It was a horror show. The majority of us knew that the Algeria game was an unlikely to be a classic, but we watched anyway and waited for (what we thought would be) the inevitable deadlock-breaker. It never came.
A fluffed left-footed effort from Frank Lampard and a speculative Steven Gerrard header from the edge of the box were England’s only real chances in ninety minutes that were excruciating to watch for any Englishmen.
Expletives were launched at televisions up and down the country as Emile Heskey tried to somehow out-trick the Algerian defence. David Beckham looked on exasperated as Wayne Rooney looked vacant and, some argue, even unfit. And all the while, Fabio Capello stood on the sideline dazed and confused at England’s inability to break down the hardworking Algerians.
That bewilderment is worrying. It is perhaps the first time that Capello has been unable to adequately explain a poor performance. In post-match interviews he pointed to the pressure of playing in a World Cup. That excuse just does not cut it—these are mentally sound players who have played in Champions League finals and the like. Blaming the burden of national expectation is an awful excuse.
A more probable reason for the underachievement is Capello’s choice of formation. England quite easily cruised through qualification with what was, in the main, a 4-4-2 formation. But qualification matches and tournament matches are very different creatures and different systems are needed in the finals of a major international tournament.
It is quite obvious that 4-4-2 is not working for England. Steven Gerrard’s natural inclination is to drift in from the left hand side, which narrows the pitch when England attack and leaves that flank exposed when Capello’s team haven’t got the ball. Even Aaron Lennon, who should give the team natural width, was not sticking to the touchline against the Algerians. These things are no problem in qualification matches against the likes of Kazakhstan and Belarus. But the better teams can assess such tactical deficiencies easily by packing the midfield and getting men behind the ball.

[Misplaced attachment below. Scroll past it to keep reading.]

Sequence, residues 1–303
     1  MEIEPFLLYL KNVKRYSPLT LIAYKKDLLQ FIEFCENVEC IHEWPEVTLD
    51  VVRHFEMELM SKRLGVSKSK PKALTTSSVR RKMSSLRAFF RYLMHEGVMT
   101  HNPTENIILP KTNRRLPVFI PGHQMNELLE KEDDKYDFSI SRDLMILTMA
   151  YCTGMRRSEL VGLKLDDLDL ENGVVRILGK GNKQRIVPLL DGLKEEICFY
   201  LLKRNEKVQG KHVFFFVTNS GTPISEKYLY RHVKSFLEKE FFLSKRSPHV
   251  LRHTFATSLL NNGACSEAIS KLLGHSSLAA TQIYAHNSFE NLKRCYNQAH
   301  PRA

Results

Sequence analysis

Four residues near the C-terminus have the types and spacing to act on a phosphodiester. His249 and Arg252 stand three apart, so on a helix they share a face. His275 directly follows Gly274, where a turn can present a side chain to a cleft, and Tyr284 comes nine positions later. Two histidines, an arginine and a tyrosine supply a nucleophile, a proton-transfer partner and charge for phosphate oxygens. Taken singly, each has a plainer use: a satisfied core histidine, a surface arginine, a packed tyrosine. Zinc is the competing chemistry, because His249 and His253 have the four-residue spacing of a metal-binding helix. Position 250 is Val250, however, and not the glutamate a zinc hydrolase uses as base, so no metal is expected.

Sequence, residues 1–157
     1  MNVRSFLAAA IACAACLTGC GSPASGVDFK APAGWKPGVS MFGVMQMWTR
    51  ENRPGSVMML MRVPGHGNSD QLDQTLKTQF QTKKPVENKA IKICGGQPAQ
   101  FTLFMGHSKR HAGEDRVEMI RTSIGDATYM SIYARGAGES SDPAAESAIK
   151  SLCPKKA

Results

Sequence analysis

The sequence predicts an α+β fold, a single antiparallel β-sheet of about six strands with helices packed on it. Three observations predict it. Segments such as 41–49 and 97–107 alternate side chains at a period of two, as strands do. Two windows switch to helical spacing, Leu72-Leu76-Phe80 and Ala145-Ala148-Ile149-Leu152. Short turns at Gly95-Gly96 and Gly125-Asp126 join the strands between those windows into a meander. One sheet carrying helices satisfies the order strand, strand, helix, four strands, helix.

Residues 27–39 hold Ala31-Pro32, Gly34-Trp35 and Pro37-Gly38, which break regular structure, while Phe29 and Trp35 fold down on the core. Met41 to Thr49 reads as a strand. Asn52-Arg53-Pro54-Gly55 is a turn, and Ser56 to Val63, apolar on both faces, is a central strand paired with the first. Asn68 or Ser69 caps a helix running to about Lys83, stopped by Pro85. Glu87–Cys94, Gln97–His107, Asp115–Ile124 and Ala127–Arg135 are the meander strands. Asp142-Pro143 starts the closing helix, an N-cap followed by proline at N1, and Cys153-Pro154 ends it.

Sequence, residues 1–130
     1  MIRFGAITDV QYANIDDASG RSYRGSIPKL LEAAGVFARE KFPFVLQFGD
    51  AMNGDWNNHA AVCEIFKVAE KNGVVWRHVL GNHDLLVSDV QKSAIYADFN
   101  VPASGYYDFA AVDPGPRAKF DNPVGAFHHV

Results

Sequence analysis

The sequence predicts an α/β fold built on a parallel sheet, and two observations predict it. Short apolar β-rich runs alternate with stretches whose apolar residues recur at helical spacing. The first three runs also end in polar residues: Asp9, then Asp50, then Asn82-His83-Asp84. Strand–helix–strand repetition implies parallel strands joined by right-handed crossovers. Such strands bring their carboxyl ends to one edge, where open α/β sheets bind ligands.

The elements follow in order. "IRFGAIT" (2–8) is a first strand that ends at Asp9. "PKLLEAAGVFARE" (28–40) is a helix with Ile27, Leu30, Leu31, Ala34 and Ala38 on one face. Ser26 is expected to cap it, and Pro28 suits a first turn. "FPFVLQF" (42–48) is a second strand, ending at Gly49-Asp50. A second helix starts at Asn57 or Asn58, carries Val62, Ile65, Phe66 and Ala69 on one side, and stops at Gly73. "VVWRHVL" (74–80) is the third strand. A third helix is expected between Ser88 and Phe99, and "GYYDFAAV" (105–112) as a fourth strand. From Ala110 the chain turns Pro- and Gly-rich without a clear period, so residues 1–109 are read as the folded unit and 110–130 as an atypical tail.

Pundits and fans have been calling for a shift to a kind of 4-5-1 system for a while now. That seems to be one of the ways to get the best out of England’s plethora of midfield talent. The goalkeeper and defence would remain the same, but Emile Heskey would be sacrificed for an extra midfielder, allowing Gerrard to play just off Rooney. Barry would retain his “water carrier” position in front of the back four, while Lampard would have more room to manoeuvre and wouldn’t be constrained by Gerrard’s drifting.
As for the man who would come into the eleven, there is only one choice. Joe Cole. A look at the most talented teams can identify a theme. Argentina have Lionel Messi, Germany have Mesut Ozil and the Netherlands have Wesley Sneijder. These are nippy, clever little players who can turn a game on its head with a bit of trickery and guile. England’s starting line-up lacks such a player, and Cole would be perfect for the role, as well as giving the team much more balance.
Capello though is a headstrong coach, and hasn’t got where he is today by pandering to popular opinion. He has admitted that changes may be needed for England’s must-win encounter with Slovenia on Wednesday, but whether that will include a change of formation or not we will have to wait and see. The game is shouting out for Joe Cole though.Tweet